The Prince of Wales added that the increasing loss of biological diversity “terrifies” him and that any changes are happening “too slowly”.Speaking to The Daily Telegraph, the 70-year-old said: “We seem to have forgotten that everything in nature is interconnected, including ourselves.
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“Unfortunately, the destruction is continuing at a rapid pace – chemicals of every description, artificial fertilisers and antibiotics are still being used in all kinds of ways, all of them entering the rivers and going out to sea where they’re causing untold damage to the marine environment, often without people knowing it.”
While the environmentalist said that some of this can be remedied, he confessed that it’s “really difficult” to persuade people to seek out alternative ways of doing things that could reduce their impact on the planet.Charles’ comments come days after he met with US president Donald Trump to discuss climate change as part of the American leader’s state visit to the UK. According to Trump, the prince did “most of the talking” during their during the 90-minute conversation.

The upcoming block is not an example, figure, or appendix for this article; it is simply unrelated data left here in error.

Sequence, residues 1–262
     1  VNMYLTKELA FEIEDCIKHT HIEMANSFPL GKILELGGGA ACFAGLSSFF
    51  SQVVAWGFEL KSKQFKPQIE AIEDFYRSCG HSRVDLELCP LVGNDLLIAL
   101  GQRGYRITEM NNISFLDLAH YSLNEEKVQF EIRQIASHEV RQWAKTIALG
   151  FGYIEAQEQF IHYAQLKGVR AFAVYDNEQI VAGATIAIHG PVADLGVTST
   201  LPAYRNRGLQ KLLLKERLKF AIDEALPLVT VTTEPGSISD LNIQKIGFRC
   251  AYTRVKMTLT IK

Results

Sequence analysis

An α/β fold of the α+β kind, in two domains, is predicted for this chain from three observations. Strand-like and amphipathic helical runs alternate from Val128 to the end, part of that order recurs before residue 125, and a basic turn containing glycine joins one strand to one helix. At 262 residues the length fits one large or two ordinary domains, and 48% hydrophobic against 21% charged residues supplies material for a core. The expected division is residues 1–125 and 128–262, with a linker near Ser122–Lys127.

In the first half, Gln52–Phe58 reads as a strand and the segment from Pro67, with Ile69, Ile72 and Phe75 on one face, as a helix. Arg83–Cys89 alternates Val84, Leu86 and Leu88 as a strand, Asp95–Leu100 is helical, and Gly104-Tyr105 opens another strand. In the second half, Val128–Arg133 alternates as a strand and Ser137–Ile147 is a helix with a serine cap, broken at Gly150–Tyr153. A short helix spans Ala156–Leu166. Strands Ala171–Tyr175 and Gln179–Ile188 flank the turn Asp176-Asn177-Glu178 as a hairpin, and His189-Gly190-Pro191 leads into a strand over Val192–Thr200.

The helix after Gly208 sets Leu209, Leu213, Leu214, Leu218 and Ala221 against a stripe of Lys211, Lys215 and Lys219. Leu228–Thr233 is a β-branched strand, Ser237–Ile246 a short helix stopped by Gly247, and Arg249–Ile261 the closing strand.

Speaking on ITV’s Good Morning Britain on Wednesday, Trump said he “totally listened” to Charles at the time, adding: “He wants to make sure future generations have climate that is good climate as opposed to a disaster, and I agree.”
But when asked if he believed in climate change himself by host Piers Morgan, Trump replied dismissively: “I believe that there is a change in weather and I think it changes both ways.
With just a one metre sea level rise, 80 per cent of the land of Majuro atoll in the Marshall Islands would be at risk. Around 30,000 people live on the atoll. That’s more than half the population of Rotorua.
“Don’t forget it used to be called global warming , that wasn’t working, then it’s climate change, now it’s extreme weather.”